Thanks for the tips on brushing, I was the C or D grade kid in art class, so touching up playfields by brush which I have just tackled in the last 6 months or so is a challenge. For example, I probably end up with 15 or 20 little 1/2" dabs of color on clear plastic to hold against the play field until I finally get an acceptable color match.

As for airbrushing, haven't pulled it out of the box yet. But thought this project might be a good time to make my first effort. After practicing on scrap wood first. May try holding down a mask with some kind of small perimeter weights, then spraying from a little distance so the air doesn't force the paint under the mask.

Finally, did find one great product at Michael's the other day. A black paint pen, it applies paint - not ink. And did a really nice job of applying nice clean black lines using a straight edge.

#9 1 year ago

The brand of paint you want to seek out is Createx. That was one of the first tips I stumbled upon when I joined pinside in 2014 and man, that stuff changed my life approach to detail painting. It mixes and blends consistently, and flows like an ink dream, cleans and corrects easily, and sets with heat. Pricier than cheapo craft but awesome stuff that's worth the expense; the primary color set is pretty close to the "stock" colors used on a lot of playfields: black, white, and red are especially near dead-on in my experience.

That said, I'm not above using craft colors when a match is convenient. The problem with them as you have discovered is they do not thin well. And don't even waste your time trying to thin light colors like yellow: thin enough to flow makes it pretty much transparent and useless; you have to add so many coats that way that you're pretty much back to "bottle thickness" in the end. So thin as much as makes you comfortable, but realize there is only so much you can get away with, and learn to adjust to those limitations.

In all cases, use the best quality brushes you can afford. I mean the individual $5 "000" and $5 "0000" brushes for detail work, not the crappy "thin brush" from the assorted 10-pack for $5. A quality brush holds more paint between reloads, dispenses it evenly, and most importantly holds its shape. And they can be cleaned and reused a lot more, too.

As for the paint loss issue: if it's only with tape and adhesive, then short of maybe using post-it-notes, there's not much else you can do. Still, I would be very worried about (near) long-term adhesion issues with the paint if frisket is pulling it up. That pf might be a victim of who-knows-what, and it might not be long before ball pressure and incidental wear starts doing the same. Before you invest too much time and effort into your paint work, I would be very aggressive with test burnishing and rubbing on the playfiled just to make sure that old paint is going to stay stuck. You don't want it to start flaking on you after hard work. You may not think "normal play" is that bad but things happen, if not during play then during shop jobs and the like.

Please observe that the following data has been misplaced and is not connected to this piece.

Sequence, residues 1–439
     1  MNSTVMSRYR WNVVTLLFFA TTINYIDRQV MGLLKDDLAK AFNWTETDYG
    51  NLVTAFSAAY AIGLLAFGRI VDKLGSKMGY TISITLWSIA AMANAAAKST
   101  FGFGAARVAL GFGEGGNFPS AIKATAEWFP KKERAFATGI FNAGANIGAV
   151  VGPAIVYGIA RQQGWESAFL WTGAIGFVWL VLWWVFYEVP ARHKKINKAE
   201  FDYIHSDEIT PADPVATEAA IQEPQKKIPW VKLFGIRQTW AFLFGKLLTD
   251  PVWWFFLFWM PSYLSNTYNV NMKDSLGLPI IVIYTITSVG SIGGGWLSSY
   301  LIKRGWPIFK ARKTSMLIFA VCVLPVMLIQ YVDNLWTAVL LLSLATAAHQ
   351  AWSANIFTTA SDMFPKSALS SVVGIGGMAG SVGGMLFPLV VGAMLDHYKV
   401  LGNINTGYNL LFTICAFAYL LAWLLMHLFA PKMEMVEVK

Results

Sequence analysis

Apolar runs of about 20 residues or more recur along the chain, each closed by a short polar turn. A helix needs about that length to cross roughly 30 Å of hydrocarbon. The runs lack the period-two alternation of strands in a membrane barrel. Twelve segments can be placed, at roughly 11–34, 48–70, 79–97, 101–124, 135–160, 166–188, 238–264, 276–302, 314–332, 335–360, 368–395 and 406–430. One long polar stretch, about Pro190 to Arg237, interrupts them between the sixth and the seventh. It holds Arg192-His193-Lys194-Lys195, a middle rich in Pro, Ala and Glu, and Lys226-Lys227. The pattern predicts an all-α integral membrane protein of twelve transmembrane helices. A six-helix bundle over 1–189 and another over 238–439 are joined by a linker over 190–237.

The airbrush is your friend but requires lots of patience and practice. Light colors will be your nemesis and may take many thin light coats to look right. Darker colors take longer to set up and teardown the brush than it does to get coverage. But know that an airbrush will absolutely put paint in *any* nearby air gap. Meaning if you don't have solidly burnished airtight mask, you better not airbrush.

One advantage to cleacoating after paint is, a nice clear job can make subtle brush strokes disappear

One final thing: with acrylic paints, don't be afraid to make minor mistakes. Even in a bad case, most of the time you wipe off or scratch off or sand off, and recover. Just approach it carefully and remember every step forward is another improvement.

#10 1 year ago

You will continue to loose the old paint and possibly the new paint if you don't seal the art first. The first step to any touch up application especially with frisket is to seal or clear that area first. While a Lot of reading Vids Pinside thread is one of the most valuable you will read if this is something you want to do correctly. Good luck with your project!!

#11 1 year ago
Quoted from Yelobird:

Vids Pinside thread is one of the most valuable you will read if this is something you want to do correctly.


#12 1 year ago

Thank you all three. I’m not ready for the full Vids restoration process which have read a few times. So trying to find a decent middle ground between that and doing nothing. And not sure it is a good idea to seal in my imperfect work with clear. Trying to improve look, wax to protect, then if future owner wants to do full restore, they can easily correct any mistakes I have made.